Natural Dye Block Printing-An Extraordinary Heritage Tradition

  • 3 min read

Kashish and Indigo Natural Dyes: A 4,000 year-old river of craft, creativity and culture

When the world was mostly dun brown, color and pattern were vivid signifiers of luxury and status. The historical center of beautiful textiles is India, which has a textile tradition going back at least 4,000 years on two vectors. One vector is handweaving, which the market valued for sensory qualities of airiness, softness and coolness on the skin. The other is India’s unparalleled command of natural plant dyes, refined pattern designs and sophisticated, sequenced techniques of printing, dyeing and binding color to cloth.

Author William Dalrymple, writes that in 1599 the Indian Mughal Empire produced about 37.6% of world's GDP, much of it from the luxury textile trade. The capacity to embed cloth with long lasting color made Indian textiles highly desirable. We crave saturated colors and the kinds of intellectual, poetic and personal storytelling that prints carry. The region's refined color and pattern-imparting technologies, and they really are still that, were key to glorious Mughal court life. These technologies were also closely kept commercial secrets, analogous to what glass was to Venice or silk was to China. Shopping with means you’ll buy a wonderful product. But, you’ll also step into a 4000 year-old river of craft, creativity and culture.

What Are Natural Dye Block Prints?

Hand block printing with natural dyes adds color, texture and pattern durably and sustainably, using only plants, minerals & heritage techniques. There are many ways to block print color and pattern onto textiles but the two main traditions are 1) direct printing on a plain background and 2) resist printing, which preserves the natural cloth color, or allows the design to take toned background colors. Our bandanas use combined techniques.

Kashish is a general term for the gray patterns, and especially Indigo natural dyes (the distinctive blues).  Kashish was the first colorfast dyeing technique that yielded universally craveable color. In Bagru, a traditional center of block printing, locals claim the plants taught them how to use leaves, roots and mordants to create, apply and fix vibrant colors. (Mordants are either from Harda fruit or metallic salts.  Both add color and also bind hues to fabrics enduringly). Our natural dye bandanas use natural Harda.

Circularity in Craft & Handmade & Communities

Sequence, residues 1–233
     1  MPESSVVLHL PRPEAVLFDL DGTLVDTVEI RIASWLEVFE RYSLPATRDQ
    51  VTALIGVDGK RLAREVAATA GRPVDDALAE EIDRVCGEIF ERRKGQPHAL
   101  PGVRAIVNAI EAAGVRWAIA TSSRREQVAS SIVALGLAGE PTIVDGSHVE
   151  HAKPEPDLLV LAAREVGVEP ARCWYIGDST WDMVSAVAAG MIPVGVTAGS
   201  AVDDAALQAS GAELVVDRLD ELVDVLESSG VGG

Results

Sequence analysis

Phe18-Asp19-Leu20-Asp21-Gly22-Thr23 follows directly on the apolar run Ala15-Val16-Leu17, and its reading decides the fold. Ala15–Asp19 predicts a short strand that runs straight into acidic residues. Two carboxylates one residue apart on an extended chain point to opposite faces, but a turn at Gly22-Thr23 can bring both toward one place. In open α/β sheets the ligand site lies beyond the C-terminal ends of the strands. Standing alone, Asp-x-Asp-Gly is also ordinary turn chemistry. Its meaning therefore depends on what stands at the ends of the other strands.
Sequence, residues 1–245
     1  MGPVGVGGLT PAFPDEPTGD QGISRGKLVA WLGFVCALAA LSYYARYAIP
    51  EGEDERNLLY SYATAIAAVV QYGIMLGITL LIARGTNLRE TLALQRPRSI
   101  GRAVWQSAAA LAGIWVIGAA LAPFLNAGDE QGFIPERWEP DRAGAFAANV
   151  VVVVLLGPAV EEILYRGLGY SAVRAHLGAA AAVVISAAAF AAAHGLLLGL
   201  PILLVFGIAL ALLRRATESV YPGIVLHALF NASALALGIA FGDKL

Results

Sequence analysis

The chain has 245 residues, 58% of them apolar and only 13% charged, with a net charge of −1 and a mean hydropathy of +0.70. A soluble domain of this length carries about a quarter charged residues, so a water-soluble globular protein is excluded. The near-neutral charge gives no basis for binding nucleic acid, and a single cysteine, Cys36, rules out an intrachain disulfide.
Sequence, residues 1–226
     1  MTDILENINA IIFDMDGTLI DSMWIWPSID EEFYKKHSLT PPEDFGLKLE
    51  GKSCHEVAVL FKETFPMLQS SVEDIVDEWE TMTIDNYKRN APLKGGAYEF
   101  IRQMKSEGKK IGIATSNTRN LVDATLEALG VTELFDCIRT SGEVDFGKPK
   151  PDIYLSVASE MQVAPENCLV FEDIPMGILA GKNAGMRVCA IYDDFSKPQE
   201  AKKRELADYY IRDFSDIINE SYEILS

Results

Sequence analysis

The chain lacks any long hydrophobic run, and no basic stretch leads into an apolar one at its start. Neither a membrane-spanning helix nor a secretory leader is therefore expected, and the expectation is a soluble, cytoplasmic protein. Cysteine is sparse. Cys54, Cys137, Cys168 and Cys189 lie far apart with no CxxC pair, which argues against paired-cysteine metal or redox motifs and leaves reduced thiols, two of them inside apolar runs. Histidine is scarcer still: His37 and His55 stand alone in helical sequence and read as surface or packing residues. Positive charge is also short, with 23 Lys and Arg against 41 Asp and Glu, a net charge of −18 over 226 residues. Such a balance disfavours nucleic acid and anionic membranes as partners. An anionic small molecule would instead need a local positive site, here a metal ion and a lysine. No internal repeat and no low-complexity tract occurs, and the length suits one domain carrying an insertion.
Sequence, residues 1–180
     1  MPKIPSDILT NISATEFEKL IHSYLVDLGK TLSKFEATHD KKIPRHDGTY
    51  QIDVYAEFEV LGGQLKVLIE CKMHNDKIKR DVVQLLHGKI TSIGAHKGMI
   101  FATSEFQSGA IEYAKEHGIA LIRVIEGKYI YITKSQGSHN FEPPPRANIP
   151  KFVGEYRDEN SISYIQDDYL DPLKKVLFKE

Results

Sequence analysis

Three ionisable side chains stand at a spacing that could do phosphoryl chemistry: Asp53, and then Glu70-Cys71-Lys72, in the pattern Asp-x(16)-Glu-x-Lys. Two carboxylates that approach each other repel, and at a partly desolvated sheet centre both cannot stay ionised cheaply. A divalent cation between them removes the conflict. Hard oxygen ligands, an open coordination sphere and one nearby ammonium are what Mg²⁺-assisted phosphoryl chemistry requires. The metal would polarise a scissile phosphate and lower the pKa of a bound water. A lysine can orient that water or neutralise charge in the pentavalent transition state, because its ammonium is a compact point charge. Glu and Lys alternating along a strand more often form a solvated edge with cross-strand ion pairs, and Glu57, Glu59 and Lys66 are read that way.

Our block prints are part of a craft guild model that honors deep expertise. In the industrial model, workers do one repetitive job. The craft model of our bandanas is a deeply interconnected and interdependent flow of skills and services where each bandana touches between 15-20 families.  These interdependent families embody legacy know-how. 

Traditional communities usually have healthy relationships between people, place, and living systems.  Core values are more about vibrancy, resiliency and stewardship than extraction. In their way, these communities are leading expressions of Circularity and the Doughnut Economy.

Current Challenges

These super-time-intensive artisan techniques, which are less well known and harder to control than other types of block printing, may not survive much longer because of the availability of cheaper substitutes with a similar look. Authentic natural dye block prints take days to make, but you can feel the time and authority of the real thing. Production lines seek sameness. Craft communities reach for, or at least accept, product variations as valuable differentiation. Here, each product is a unique, handmade, heritage craft object embedded with living history.

About Your Bandana

We work with a third-generation family of natural dye masters on the outskirts of Jaipur in Rajasthan, India. The term “natural dye”, in this case, means exactly that. Specifically, color, craft, pattern and texture come from plants, minerals & heritage make. (We’ll set aside design and block carving to focus on the fascinating color techniques).

  • Iron Black and the gray tones come from raw iron, which is a mineral.
  • Red Madder comes from the roots of Rubia Tinctoria, which produces the red Alizarin dye compound.
  • The beautiful blues come from the leaves of Indigofera Tinctoria.  These are soaked in water until there is enough raw dye to scrape into transportable dried indigo cake. The blue dye develops when the dried Indigo ferments in the presence of cane sugar and ash. The pigment takes many days to ferment and stays viable for only a few days. Cotton dipped into fermented indigo appears gray. The distinctive Indigo blue color development is triggered by oxidation (exposure to air). Very deep blues come from repeating the dyeing and oxidation steps.
  • The yellowish color on some of our natural dye prints comes from myrabalan, also called Harda, which is a fruit. Adding Harda changes kashish gray into yellow tones via oxidation.
  • The pigments are rendered colorfast by Harda and other natural materials like lime and experience, time, and skill.
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